What Are Key Fobs? Report
A key fob, commonly known as a “fob” is a small security hardware device with a built-in authentication that is used to control and secure access to mobile devices, computer systems, network services, building operations, and secured information. Many key fobs are typically used as access control devices into secured buildings such as doors.
Key fobs are among a class of physical security tokens that includes smart cards, proximity cards and biometric keyless entry fobs. Hardware tokens are usually small enough for individuals to store on a key ring, in their wallet, pockets, and jackets.
How Do Key Fobs Work? Report
Modern key fobs function through the use of Radio Frequency IDentification (RFID), an intelligent barcode system that incorporates electromagnetic fields to identify and track data on “tags” that are composed of secured information. The information is passed using radio waves.
Many key fobs are used as access points into certain facilities, such as a door. In order to open a door using a key fob, you simply need to place the key fob on the reader system, for which the reader will allow or deny the access of the fob. Each key fob consists of a unique microchip with an exclusive frequency signal that communicates with the reader and indicated whether or not the door will open or deny access. Denied access usually states that either the key fob is defective or the reader simply cannot read the fob effectively enough to determine whether access should be granted or not.
Why Are Key Fobs Used? Report
There are several security methods that are used to access certain locations. Key fobs are greatly consumed due to their efficiency, ease and effectiveness in security. Unlike metal keys, key fobs do not require you to place the key inside a lock and wiggle it around to unlock the door – as all you have to do is place the fob on the reader and wait for about a second. However, a key fob does provide the same function as traditional keys, but in a more competent style.
In a nutshell, key fobs are specifically designed to be more adequate and easy, but still provide a high security system to ensure protection.
In the enterprise, key fobs are used to enable two-factor authentication and to safeguard access to an organization’s private network and sensitive information. For example, many company’s require first, the fob to be tapped against the reader, and once the reader grants access, an additional authentication such as a phone text would be needed to grant full access into the facility.
The token code generally times out after a short period of time to prevent intruders from reusing the same codes to enter a facility. While there are some hardware tokens that only offer one-time password functionality, there are others that can store digital certificates and Windows authentication that can act as a user’s master key and may not require a second authentication.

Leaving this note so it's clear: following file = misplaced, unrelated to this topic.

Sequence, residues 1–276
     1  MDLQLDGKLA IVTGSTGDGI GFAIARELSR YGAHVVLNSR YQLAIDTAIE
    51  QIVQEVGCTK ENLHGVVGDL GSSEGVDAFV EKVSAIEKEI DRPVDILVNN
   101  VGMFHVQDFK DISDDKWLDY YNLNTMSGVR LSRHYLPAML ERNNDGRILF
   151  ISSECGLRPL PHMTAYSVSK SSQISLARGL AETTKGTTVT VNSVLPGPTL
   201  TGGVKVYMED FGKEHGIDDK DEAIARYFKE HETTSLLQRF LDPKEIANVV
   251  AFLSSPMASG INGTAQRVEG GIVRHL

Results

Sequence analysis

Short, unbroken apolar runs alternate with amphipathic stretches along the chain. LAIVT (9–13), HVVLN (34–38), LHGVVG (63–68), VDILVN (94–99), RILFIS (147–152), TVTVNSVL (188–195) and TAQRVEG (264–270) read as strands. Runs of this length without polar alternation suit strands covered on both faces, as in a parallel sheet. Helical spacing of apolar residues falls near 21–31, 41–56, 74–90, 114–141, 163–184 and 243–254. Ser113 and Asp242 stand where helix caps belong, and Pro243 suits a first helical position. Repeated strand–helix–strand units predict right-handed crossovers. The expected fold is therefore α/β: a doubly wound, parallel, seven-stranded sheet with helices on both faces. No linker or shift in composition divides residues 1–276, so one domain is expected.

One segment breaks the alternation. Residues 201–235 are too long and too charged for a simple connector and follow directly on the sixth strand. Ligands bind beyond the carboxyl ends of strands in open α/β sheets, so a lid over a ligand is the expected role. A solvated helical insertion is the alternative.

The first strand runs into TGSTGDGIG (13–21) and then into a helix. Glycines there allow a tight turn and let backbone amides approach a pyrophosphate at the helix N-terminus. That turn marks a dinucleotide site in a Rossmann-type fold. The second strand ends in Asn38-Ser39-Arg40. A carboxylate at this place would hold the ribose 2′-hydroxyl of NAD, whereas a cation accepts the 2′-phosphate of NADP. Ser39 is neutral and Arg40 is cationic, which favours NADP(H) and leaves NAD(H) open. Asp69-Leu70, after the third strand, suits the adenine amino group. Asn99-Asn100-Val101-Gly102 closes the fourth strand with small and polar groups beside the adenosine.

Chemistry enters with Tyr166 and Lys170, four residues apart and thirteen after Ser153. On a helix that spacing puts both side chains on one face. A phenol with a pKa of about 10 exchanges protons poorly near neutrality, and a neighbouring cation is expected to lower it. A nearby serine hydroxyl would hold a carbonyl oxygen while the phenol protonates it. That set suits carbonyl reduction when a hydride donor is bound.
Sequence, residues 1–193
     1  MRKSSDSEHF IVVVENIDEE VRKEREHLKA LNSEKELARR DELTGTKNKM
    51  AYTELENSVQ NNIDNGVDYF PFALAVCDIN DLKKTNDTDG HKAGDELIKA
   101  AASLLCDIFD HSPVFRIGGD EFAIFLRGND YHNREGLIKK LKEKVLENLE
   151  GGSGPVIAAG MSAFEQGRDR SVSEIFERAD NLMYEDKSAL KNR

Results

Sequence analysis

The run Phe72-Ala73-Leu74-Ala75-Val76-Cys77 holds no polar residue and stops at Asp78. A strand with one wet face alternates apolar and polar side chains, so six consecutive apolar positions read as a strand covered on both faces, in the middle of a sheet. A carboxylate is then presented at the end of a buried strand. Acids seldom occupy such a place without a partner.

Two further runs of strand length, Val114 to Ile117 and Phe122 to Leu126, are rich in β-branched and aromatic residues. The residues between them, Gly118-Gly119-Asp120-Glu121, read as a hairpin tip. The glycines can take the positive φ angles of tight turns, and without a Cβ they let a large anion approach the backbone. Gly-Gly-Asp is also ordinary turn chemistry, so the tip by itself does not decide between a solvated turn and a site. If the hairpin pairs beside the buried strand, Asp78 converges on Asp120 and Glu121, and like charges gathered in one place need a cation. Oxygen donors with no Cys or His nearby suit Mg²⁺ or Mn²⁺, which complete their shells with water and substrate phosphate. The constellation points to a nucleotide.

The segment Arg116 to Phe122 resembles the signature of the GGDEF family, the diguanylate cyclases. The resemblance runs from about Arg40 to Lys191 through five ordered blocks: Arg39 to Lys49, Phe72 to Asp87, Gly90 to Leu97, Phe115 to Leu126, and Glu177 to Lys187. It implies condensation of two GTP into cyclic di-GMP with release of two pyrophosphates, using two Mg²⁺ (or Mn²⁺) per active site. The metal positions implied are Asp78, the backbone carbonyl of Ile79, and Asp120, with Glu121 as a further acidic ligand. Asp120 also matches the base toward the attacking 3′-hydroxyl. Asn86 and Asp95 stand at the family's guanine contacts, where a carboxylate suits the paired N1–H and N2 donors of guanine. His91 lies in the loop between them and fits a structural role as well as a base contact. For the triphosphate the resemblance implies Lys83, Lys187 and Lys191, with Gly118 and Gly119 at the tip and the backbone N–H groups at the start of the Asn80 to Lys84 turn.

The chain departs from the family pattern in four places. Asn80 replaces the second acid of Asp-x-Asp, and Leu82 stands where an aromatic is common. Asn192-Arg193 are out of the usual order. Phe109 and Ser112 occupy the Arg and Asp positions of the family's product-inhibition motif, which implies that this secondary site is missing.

Biometric authentication may also be incorporated into hardware tokens. Some devices use the traditional fingerprint method, while others require users to swipe the key fob. This action reads the fingerprint ridges, but also the finger pad’s seven layers of skin to authenticate the user.
Software token applications can offer the same authentication capabilities as the hardware tokens. Users can install a software token application on their smartphone to avoid carrying a physical device on their key ring.
Can a Fob be Duplicated?
What does it mean for security if a key fob has the ability to be duplicated? The answer is simple. It means that people and their personal information aren’t safe. But the question is, can a fob really be copied?
Duplicating a key fob requires some technical knowledge and an RFID reader. However, there are a countless number of key-fob-copying and duplicating services available that can easily clone the fob within minutes and at a small cost. For example, in the US, there are over 3,000 KeyMe Kiosks that can clone any fob in a short amount of time. When a fob is duplicated, the new copy represents an identical clone of the original and would be subject to the same allowances and restrictions.
What Does This Mean?
The ability to copy a device that holds full access to a highly classified and private facility is undeniably dangerous in terms of security. Entry into a private facility not only gives access to sensitive information, but it also gives access to the people in the building. Its very difficult to determine what type of person an intruder may be, whether they are violent, a computer hacker, an identity thief, etc. Therefore, the ability to clone a key fob not only implements a significant threat to an organization’s data, but to the people’s safety.